how i learned to 混




how i learned to 混

It turns out that I only began seriously to do hybrid learning because of a situation out of my control: in february 2020, with the pandemic raging in the united states, the berklee college of music, where I was teaching previously, went completely remote. suddenly, I had to think about students living in several different time zones

it took more than just making recordings of lectures

11: 11: some my students couldn't participate in asynchronous remote classes without living on vampire time
11: 11: some my students couldn’t participate in our synchronous remote classes without living like vampires

some students could join us in synchronous meetings, but many couldn’t without living on vampire time…

suddenly, all of us teaching from our cramped houses with sometimes unstable internet–not to mention furry friends, spouses, and kids underfoot–had to learn to 混 and in a hurry!

i was like


as i suppose most of us were

but how i learned to 混 had much to do with questions i had about teaching already. for example, i had interests in universal design for learning (UDL) and goals to change my course sites and teaching plans in relationship with learning design principles from UDL


OK–now a quick question for y’all before I move on

(1) how might hybrid learning / teaching serve in the practice of universal design?

(if i could do this as a lesson page there’d be a quiz here now!)


when i began to 混 i did some research by taking a couple courses in coursera, a popular asynchronous MOOC site

but i learned something about interminable video lectures….

i discovered that YIKES! i could not make it through even 20 minute videos without losing interest. for me, at least, there was a problem of remaining engaged


so i had to think about the pieces in which i would present lecture like material and also consider how students could do the kinds of work i might normally do in the classroom (or in synchronous format, like small group discussions in breakout rooms)

i wish that i could show you the results of what i did on the berklee OL site, berklee’s equivalent of NTU COOL–but i no longer have access to that material

what i can say is that for the asynchronous version of classes, i had to break down what i might normally do in a thirty minute lecture into five to seven minute pieces, followed by quizzes. because the “lesson” function in OL allowed me to link pages with quizzes, i could intersperse short sections where i gave a lecture with powerpoint slides and quizzes (with multiple choice or short answer questions). i could also ask students to look at and comment on images or texts in relationship to the lecture material or their readings for the week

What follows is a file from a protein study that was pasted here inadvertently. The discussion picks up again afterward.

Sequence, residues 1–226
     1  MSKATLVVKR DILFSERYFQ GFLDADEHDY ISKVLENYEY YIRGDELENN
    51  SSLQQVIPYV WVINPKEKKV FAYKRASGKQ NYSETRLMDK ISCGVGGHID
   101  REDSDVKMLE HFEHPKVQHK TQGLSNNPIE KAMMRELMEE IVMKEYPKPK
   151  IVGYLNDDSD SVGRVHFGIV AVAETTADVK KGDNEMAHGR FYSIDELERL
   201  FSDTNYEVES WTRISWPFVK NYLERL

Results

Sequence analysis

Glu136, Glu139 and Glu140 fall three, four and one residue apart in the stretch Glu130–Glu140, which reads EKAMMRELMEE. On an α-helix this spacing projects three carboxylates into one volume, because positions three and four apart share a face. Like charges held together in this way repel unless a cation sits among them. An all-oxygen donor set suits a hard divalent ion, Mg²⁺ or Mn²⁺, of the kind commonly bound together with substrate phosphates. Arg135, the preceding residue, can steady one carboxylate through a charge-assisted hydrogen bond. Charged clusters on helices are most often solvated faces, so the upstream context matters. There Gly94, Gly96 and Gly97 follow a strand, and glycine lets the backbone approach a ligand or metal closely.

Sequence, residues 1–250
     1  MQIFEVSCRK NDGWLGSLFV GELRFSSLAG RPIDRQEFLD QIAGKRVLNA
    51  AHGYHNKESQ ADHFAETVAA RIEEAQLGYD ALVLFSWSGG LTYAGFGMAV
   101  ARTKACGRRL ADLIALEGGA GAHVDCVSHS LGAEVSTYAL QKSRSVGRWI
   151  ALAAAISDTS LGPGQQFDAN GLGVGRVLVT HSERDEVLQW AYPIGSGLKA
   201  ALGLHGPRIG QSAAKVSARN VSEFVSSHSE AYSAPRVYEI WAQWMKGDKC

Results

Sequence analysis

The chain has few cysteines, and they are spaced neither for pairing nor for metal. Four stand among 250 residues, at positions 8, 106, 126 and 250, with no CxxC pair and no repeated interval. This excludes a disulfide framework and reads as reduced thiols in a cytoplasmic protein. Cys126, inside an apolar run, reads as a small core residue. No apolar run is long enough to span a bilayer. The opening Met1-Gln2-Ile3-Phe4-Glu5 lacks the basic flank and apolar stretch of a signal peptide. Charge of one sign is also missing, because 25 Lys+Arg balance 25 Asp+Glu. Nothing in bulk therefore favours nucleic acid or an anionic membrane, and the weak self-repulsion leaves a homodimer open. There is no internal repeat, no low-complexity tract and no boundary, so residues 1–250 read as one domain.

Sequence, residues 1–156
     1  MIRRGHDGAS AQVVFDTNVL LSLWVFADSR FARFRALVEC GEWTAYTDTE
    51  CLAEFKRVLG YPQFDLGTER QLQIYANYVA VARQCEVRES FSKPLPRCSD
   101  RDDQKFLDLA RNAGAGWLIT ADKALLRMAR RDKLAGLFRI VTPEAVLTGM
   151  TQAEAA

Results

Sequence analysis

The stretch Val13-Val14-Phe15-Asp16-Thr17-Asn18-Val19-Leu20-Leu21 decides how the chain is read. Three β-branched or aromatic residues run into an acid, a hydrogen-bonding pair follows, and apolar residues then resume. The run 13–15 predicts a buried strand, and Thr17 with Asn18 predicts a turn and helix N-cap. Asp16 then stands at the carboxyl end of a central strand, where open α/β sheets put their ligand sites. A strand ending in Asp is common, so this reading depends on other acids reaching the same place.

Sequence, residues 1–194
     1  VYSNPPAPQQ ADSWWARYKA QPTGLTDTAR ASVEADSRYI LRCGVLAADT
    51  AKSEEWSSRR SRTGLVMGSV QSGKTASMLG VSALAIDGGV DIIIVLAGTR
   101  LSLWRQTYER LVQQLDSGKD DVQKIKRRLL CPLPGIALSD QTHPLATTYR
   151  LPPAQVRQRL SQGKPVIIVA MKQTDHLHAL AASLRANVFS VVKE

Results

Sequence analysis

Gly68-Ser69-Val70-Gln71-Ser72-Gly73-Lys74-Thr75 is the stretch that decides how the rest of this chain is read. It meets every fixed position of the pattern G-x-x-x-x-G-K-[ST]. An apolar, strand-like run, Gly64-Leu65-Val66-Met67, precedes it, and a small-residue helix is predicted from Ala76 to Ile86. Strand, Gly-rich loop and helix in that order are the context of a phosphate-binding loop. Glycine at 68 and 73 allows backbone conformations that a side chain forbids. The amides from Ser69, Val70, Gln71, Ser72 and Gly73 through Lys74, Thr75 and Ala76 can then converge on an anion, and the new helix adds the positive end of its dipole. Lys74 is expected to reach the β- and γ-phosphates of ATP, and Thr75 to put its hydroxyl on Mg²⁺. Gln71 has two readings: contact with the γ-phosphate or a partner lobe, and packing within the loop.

maintaining connection

the broken up format worked well. but it still was a bit lacking when it came to engagement with the students. for this to work asynchronously, i asked students to submit either writing or short videos on the course site’s discussion board–but also asked that they comment on and discuss each other’s work in a second round




letting the students post videos and images in their virtual discussions and commentary made this section more fun and a bit more “social media” ish

still–the attrition rate for classes during the pandemic was, and remains, quite high. as much as we love FB, Insta, Snapchat, and so forth, face-to-face relations or the possibility of them still ground our engagements to community. i had (still have) to think more about engagement

maintaining engagement

i found that this kind of engagement was often not enough, however

so to create more community, i tried to group students by adjacent time zones and then find times where we could meet together every two or three weeks for a check in

this meant that i had to spend more time on teaching than usual. oh well, maybe that’s like extra office hours


what was it that i said about engagement?


what worked?

in the hybrid environment, it was possible to create a media-rich environment, in which i could combine texts, video, images, and recordings. i could also ask students to contribute to the course site in different modalities as well. this is something i’d like to keep doing even as i teach in “real space” now

but there are some problems we should think about

for me, the big takeaways are that one cannot just record lectures and think that will be enough. asynchronous learning, in particular, requires careful design of manageable “chunks” of material employing different modalities for student interaction and response

and this kind of design takes time! in the synchronous / asynchronous hybrid situation, i had to spend much more time on creating the material for asynchronous classes; and, even when i had the material in place, working with the asynchronous students meant that my office hours were much longer and sometimes at odd times of the day or night

and truth be told, we aren’t MOOC experts. we need to have a sense of honesty about how much we can–and should–do. no one signed up for remote learning; it was thrust upon us by the pandemic

we had hybridity thrust upon us: big freedia fights against the 'rona in her bounce video rona rona
we had hybridity thrust upon us: big freedia fights against the ‘rona in her bounce video rona rona

still, i think that my experience did let me expand my teaching into new modalities that i’d like to keep in place. hybrid learning

created more flexibility and access for my students

moved me closer to my goals of implementing UDL in my classes

–and it was sometimes fun



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